NASA finds Tropical Storm Rene less affected by wind shear
NASA's Terra satellite obtained visible imagery of Tropical Storm Rene is it continued moving north though the central North Atlantic Ocean. Rene appeared more organized on satellite imagery as wind shear eased.
NASA satellite view: Rene's organization
The Moderate Resolution Imaging Spectroradiometer or MODIS instrument that flies aboard NASA's Terra satellite captured a visible image of Tropical Storm Rene on Sept. 10. Rene appeared slightly more circular. That is because vertical wind shear (outside winds blowing at different levels of the atmosphere) appears to have lessened somewhat over Rene allowing the storm to organize. The image showed Tropical Storm Paulette was located to Rene's northwest.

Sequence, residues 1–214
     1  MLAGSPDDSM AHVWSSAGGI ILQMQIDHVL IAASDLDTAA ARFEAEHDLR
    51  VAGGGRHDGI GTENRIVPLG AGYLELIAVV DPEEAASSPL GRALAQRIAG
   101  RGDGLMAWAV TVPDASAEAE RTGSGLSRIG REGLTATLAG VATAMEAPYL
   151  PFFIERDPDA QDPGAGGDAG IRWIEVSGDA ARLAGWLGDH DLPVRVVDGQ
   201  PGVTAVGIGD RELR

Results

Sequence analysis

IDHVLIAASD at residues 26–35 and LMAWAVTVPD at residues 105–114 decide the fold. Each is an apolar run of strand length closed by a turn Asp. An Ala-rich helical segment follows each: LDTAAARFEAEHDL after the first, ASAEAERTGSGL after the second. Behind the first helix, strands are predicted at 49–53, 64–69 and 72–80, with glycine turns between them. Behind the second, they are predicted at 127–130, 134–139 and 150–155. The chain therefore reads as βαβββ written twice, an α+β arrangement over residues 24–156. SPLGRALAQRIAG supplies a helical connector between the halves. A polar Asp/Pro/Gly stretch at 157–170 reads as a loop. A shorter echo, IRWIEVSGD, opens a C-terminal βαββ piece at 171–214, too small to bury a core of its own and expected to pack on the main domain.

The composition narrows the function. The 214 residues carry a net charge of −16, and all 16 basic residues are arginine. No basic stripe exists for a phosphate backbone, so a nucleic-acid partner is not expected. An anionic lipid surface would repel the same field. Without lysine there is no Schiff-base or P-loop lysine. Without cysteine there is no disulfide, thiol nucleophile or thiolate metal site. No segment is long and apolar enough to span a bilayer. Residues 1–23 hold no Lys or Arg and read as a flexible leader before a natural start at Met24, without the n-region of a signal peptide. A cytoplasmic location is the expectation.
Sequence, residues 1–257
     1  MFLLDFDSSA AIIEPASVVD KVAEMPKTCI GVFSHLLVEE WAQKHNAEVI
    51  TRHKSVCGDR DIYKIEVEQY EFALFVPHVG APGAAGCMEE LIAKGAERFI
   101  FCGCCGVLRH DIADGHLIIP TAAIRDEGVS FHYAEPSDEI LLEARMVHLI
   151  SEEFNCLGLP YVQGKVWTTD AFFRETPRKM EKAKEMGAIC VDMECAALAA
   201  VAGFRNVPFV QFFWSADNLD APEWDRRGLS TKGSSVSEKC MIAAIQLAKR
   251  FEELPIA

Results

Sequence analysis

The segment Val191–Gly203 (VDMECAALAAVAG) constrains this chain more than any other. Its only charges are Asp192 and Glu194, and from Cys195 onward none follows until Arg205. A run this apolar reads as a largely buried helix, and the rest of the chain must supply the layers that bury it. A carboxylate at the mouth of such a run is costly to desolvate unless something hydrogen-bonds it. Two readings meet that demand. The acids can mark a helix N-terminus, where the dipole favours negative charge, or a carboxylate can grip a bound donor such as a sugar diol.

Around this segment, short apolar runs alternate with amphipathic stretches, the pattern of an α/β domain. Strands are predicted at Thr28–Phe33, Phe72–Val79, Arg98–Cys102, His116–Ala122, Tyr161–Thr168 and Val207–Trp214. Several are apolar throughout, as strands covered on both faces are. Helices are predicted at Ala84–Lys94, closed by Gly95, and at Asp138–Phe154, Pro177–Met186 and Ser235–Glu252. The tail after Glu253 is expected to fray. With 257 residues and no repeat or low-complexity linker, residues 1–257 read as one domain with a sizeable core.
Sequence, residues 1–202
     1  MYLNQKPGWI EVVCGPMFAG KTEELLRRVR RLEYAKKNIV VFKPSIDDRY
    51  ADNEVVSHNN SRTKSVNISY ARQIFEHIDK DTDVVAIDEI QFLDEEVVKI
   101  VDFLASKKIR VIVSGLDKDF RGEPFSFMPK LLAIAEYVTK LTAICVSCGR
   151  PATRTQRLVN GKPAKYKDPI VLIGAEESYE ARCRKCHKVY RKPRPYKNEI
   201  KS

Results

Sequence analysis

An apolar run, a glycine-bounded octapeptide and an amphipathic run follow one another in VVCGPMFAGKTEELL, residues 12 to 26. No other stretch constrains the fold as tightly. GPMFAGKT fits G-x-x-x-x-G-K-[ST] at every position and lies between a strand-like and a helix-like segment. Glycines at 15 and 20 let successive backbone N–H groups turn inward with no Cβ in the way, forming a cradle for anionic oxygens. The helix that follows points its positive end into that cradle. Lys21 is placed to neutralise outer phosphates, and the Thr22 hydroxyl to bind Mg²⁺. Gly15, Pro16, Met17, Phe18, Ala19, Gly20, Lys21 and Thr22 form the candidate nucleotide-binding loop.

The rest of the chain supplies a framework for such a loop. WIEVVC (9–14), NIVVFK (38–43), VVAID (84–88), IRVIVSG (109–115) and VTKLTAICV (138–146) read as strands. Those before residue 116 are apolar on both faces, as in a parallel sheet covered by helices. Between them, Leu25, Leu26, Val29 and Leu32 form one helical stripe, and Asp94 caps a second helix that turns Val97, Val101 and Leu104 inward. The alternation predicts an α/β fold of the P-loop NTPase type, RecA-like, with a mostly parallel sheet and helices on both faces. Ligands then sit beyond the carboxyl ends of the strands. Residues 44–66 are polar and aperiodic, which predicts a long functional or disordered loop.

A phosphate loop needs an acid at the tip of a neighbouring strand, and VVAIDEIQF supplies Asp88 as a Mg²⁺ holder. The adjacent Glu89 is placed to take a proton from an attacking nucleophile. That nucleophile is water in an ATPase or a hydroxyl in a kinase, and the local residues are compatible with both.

Satellite imagery was created using NASA's Worldview product at NASA's Goddard Space Flight Center in Greenbelt, Md.
Rene on Sept. 10
At 11 a.m. EDT (1500 UTC) on Sept. 10, the center of Tropical Storm Rene was located near latitude 18.6 degrees north and longitude 35.8 degrees west. Rene was about 800 miles (1,285 km) west-northwest of the Cabo Verde Islands.
Rene is moving toward the west-northwest near 12 mph (19 kph). This general motion is expected to continue for the next couple of days, followed by a turn toward the northwest. Maximum sustained winds have increased to near 50 mph (85 kph) with higher gusts. The estimated minimum central pressure is 1000 millibars.
NOAA's National Hurricane Center (NHC) noted that additional strengthening is forecast for the next couple of days as vertical wind shear is not expected to be strong. Therefore, Rene is expected to become a hurricane by Saturday, Sept. 12. The storm is not expected to affect any land areas in the next five days, according to the NHC forecast.